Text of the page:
We will deeply explore the varieties of spiritual experience that unify us in the mystical thread woven within Friends’ non-creedal theological diversity. Spiritual experiences are a cross-cultural universal phenomenon of profound emotions, perceptions, and thoughts. Experiential exercises will take us beyond theology to discover, "What canst thou say?"
"Spiritual Experience: explorations beyond theology" will focus on varieties of spiritual experience, starting from a non-theological definition of "spiritual experience" as a particular widely shared cross-cultural human experience consisting of emotions, perceptions and thoughts that generally have a profound effect on people. Reviewing William James' "Varieties of Religious Experience" and Maslow's "peak experience" concept, and moving to historical and modern Quakers' descriptions of their spiritual experience, the group will create and share their own experiences and quests. Most of the time we will be using exercises and practices that will extend our seeking by supporting our development and openness to this "spiritual experience." We will read some scientific articles on neuroscience and religious experience to see if science can help us understand spirituality. In worship-sharing we will examine the meaning and significance of this form of human experience for each of us. We may question is it valid, in the sense that it leads us to true knowledge of the world and ourselves, or is it delusional, as Richard Dawkins would have it? Is there a range of ability to experience spirituality, a sort of "spiritual intelligence" like musical, spatial, emotional or kinesthetic intelligence, and if so, can it be learned or developed or strengthened? How is our notion of spirituality integrated into our world-view? Does spirituality require any particular theology? Ultimately does this form of human experience provide any legitimate value in assessing and developing a sense of the purpose and meaning of one's life?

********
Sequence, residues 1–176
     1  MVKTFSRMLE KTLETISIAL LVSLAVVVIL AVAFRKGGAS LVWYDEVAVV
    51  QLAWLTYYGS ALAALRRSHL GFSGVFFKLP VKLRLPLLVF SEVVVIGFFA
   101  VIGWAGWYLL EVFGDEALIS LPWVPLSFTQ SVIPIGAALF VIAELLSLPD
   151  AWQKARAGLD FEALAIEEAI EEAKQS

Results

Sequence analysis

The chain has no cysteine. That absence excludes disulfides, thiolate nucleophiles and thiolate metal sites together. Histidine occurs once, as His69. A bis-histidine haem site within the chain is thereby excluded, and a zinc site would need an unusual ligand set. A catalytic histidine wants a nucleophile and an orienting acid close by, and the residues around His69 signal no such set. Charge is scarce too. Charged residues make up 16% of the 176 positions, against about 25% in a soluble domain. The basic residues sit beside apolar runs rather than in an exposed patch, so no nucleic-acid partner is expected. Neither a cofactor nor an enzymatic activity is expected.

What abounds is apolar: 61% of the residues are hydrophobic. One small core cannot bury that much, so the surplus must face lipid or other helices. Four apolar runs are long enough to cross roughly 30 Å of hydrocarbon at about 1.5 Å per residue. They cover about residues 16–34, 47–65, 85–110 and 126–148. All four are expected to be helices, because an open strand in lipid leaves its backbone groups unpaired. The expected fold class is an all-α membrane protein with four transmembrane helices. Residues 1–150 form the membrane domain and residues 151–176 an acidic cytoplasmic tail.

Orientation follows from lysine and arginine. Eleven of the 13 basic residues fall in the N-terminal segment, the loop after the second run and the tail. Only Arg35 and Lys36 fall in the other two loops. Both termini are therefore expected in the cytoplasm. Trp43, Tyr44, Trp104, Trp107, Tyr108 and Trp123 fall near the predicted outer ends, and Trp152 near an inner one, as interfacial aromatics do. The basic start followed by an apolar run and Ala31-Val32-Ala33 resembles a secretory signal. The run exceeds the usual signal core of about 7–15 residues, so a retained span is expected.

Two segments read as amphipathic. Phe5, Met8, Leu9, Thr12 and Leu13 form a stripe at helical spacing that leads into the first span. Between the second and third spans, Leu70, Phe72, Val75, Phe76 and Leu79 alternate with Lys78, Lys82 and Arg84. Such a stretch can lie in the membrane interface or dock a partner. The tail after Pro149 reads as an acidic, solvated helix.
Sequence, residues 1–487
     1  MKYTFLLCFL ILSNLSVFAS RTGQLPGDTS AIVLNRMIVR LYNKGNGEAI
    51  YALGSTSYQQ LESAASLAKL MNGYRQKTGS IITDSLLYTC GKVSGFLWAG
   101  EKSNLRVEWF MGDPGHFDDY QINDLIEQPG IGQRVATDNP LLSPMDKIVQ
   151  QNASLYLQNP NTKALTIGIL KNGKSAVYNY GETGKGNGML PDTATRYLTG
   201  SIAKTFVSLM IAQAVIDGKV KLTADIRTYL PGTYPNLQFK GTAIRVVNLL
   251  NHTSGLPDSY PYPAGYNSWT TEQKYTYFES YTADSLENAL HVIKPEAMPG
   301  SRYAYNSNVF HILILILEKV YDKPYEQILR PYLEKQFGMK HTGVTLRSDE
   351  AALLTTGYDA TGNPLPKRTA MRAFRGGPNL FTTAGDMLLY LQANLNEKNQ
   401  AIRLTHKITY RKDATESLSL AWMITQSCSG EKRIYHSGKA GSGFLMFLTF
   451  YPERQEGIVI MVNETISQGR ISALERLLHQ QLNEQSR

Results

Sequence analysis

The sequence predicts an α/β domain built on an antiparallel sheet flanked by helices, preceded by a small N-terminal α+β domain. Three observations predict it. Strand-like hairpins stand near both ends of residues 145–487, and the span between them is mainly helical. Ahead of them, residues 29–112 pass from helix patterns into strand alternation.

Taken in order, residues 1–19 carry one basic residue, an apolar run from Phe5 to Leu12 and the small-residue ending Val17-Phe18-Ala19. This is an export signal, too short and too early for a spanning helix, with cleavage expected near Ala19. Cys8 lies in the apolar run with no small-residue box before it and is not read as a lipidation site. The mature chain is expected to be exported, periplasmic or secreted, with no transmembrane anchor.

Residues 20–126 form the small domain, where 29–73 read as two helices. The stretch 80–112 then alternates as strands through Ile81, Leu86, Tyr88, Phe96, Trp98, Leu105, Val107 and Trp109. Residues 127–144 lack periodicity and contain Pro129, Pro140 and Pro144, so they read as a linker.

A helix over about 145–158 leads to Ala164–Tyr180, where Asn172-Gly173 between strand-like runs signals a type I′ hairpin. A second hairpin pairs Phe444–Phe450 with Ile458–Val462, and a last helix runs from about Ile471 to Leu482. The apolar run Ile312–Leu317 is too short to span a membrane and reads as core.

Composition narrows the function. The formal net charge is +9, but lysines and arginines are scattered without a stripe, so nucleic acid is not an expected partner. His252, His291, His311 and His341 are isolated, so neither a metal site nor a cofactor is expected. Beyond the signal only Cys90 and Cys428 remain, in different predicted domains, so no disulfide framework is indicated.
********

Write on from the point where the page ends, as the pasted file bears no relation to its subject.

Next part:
About the leader :
I co-led the workshop "Nontheism Among Friends" with my daughter at the Gathering in 2010, and led the same workshop individually in the 2011 Gathering. I have led workshops on exploring Friends' theological diversity in my Monthly Meeting. I have considerable past experience in group leadership in social work advocacy settings and I am currently a college teacher in psychology.